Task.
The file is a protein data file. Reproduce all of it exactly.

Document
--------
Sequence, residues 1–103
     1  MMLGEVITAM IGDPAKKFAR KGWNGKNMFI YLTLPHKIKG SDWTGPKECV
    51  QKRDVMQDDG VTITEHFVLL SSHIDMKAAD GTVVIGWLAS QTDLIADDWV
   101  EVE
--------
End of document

Sequence, residues 1–103
     1  MMLGEVITAM IGDPAKKFAR KGWNGKNMFI YLTLPHKIKG SDWTGPKECV
    51  QKRDVMQDDG VTITEHFVLL SSHIDMKAAD GTVVIGWLAS QTDLIADDWV
   101  EVE